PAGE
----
IBM enlists former EMC engineering head to help win storage wars

Acquisition of storage vendor XIV brings Symmetrix architect to IBM

The man who built EMC's Symmetrix storage systems will now help IBM try to one-up rival EMC's technology. IBM on Wednesday announced the acquisition of Israeli storage vendor XIV, and the company's chairman is Moshe Yanai, who was EMC's head of engineering and the chief architect behind Symmetrix, a key part of EMC's success.

"Mr. Yanai becoming an IBM employee is analogous to a former Boston Red Sox star player joining the New York Yankees," wrote analysts Charles King of Pund-IT and David Hill of the Mesabi Group in a piece dissecting the acquisition. "Yanai's unmatched reputation gives a world of credibility to the IBM/XIV deal."

Yanai was ousted from his role as EMC's vice president of engineering in 2001 after reportedly clashing with CEO Joseph Tucci over strategy, but remains highly respected in the storage industry. Yanai said in a press release that his company is "pleased to become a significant part of the IBM family," though it wasn't made clear in the release exactly what role he will play at Big Blue.

XIV was founded in 2002 and is known for its Nextra storage architecture, which boasts more extensive virtualization than most storage products on the market today, according to analyst Arun Taneja of the Taneja Group. (Compare storage products.)

"This gives IBM a platform for next generation storage arrays, and therefore makes Hitachi Data Systems and EMC take notice," he says.

The IBM/XIV deal closed Dec. 31. Financial details were not disclosed by the companies, though reports in the Israeli financial press pegged the selling price at $300 million to $350 million.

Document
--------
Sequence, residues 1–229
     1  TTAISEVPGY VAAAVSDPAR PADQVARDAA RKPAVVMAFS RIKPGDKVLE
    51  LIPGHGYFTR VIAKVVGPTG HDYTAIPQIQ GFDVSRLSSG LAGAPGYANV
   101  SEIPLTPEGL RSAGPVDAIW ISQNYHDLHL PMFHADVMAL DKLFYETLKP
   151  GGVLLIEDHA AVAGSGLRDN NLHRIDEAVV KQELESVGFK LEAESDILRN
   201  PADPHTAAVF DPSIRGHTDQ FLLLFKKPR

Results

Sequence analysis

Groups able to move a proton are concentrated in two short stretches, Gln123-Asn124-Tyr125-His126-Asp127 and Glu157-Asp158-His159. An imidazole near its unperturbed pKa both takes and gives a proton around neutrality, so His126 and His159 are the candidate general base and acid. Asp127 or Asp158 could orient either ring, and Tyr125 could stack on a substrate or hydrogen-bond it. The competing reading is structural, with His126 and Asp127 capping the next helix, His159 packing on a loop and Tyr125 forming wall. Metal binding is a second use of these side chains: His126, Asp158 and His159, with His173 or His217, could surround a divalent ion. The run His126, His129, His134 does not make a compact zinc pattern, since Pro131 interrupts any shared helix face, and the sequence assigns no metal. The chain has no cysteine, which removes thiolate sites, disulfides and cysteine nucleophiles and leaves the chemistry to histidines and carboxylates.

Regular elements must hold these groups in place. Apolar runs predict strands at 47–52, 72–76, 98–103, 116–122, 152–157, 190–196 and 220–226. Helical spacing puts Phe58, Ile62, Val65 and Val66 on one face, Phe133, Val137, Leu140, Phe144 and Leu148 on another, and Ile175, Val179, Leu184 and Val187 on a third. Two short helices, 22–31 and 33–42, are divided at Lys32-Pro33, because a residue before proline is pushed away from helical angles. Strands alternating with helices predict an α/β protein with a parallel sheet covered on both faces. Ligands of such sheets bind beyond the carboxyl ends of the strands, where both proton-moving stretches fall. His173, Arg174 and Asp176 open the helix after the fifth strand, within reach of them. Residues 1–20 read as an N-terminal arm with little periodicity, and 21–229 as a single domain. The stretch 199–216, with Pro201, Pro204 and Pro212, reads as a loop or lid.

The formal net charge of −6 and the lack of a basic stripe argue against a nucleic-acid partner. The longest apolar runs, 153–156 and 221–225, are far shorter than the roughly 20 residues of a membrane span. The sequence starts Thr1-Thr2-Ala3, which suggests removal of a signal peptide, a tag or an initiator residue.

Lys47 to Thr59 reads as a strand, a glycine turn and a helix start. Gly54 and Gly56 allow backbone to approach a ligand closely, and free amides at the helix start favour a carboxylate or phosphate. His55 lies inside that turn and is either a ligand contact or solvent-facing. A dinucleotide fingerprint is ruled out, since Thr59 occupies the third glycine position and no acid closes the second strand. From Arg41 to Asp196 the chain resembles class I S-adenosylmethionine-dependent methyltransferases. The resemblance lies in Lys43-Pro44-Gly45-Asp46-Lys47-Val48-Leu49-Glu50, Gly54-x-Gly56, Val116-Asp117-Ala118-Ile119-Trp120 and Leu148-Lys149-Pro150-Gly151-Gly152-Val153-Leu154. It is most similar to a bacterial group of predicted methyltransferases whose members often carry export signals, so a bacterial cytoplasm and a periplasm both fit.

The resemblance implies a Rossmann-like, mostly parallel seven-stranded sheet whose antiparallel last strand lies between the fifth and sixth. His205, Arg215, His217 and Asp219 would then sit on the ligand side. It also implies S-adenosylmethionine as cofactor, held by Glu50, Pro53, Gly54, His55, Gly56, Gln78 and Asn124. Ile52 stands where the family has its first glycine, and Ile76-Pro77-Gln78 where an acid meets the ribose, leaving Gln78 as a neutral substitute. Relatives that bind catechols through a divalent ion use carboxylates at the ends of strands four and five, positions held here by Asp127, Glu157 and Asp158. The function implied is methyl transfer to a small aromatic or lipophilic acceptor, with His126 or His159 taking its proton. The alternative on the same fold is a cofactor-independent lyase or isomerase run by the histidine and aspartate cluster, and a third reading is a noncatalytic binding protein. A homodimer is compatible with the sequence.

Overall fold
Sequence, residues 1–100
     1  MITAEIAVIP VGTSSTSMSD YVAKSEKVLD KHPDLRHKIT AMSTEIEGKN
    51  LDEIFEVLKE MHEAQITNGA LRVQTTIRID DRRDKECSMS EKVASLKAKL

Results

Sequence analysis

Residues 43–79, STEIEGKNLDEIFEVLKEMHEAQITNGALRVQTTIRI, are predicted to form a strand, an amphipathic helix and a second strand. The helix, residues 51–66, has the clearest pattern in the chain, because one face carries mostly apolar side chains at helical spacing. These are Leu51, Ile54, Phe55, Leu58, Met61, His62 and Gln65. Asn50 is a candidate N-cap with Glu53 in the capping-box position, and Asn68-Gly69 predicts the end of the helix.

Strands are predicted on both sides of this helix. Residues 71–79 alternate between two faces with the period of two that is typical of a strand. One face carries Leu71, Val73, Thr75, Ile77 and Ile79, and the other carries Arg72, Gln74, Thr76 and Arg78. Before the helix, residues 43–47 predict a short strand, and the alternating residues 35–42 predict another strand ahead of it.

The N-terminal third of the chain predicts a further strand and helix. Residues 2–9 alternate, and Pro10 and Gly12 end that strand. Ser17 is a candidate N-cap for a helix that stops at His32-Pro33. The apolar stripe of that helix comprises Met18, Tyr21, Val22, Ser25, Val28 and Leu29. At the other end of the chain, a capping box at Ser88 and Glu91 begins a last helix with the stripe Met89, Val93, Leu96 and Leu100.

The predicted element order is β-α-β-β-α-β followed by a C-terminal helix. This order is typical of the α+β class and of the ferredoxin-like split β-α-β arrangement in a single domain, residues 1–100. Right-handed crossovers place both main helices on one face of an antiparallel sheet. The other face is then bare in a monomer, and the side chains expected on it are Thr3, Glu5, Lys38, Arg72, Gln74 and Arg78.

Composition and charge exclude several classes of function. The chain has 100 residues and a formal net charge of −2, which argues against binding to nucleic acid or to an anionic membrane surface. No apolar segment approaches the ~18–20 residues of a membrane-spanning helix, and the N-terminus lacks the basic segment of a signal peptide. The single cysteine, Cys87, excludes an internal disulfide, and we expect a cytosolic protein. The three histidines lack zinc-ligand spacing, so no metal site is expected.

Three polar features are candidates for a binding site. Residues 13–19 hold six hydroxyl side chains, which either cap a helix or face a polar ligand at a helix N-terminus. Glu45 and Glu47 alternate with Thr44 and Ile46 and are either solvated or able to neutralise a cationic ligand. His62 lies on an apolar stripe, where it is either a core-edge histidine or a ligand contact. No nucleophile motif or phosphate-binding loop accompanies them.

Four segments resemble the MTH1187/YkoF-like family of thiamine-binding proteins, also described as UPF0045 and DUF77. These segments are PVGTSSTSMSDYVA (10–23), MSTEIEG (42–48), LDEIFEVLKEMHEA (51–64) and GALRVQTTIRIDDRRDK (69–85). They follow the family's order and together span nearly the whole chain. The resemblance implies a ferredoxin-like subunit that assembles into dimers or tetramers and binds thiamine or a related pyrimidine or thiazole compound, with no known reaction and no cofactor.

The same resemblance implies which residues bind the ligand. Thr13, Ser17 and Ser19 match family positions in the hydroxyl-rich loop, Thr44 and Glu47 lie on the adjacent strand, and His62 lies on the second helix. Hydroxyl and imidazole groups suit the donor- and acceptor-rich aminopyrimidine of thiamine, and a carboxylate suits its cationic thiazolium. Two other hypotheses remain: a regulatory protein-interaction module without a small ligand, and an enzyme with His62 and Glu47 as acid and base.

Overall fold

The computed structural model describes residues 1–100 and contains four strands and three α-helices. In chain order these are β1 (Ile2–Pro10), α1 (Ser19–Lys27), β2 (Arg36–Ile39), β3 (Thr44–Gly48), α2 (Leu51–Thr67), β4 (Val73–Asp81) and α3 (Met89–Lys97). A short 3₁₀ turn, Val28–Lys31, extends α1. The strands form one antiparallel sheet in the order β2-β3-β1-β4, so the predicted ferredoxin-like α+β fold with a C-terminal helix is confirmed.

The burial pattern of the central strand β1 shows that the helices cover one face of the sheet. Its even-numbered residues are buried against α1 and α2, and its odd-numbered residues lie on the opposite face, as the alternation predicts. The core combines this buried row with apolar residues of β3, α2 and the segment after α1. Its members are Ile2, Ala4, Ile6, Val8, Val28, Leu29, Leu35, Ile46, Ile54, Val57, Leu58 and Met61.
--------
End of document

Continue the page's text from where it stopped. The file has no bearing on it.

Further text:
IBM acquired at least two other storage vendors in 2007 – NovusCG in October and Softek in January. 

XIV's storage-area network (SAN) technology is targeted at large enterprises and boasts a couple major advantages over storage products commonly used today, Taneja says. In a typical product, storage is managed by two controllers. If one of them fails, the other takes over its work but performance suffers, he says.

XIV allows the use of several additional controllers, letting customers add storage capacity without harming performance, according to Taneja.

XIV is also pushing the industry forward in how storage is virtualized, analysts say.

Each storage volume is spread across all drives in a system, so specific volumes are not mapped to specific drives, King and Hill write. "Virtualization is automatically built-in as the administrator deals only with logical – not physical drives," they write.

This means XIV "can squeeze significantly larger amounts of performance from the same number of drives," Taneja says. "It's more adept at supplying and feeding large numbers of applications that have different characteristics."

The only product with similar capabilities that's already on the market today comes from 3PAR, Taneja says. EMC and Hitachi do not have anything on the market with these capabilities, but it wouldn't be surprising if they have ongoing R&D efforts to design comparable technology, he says.

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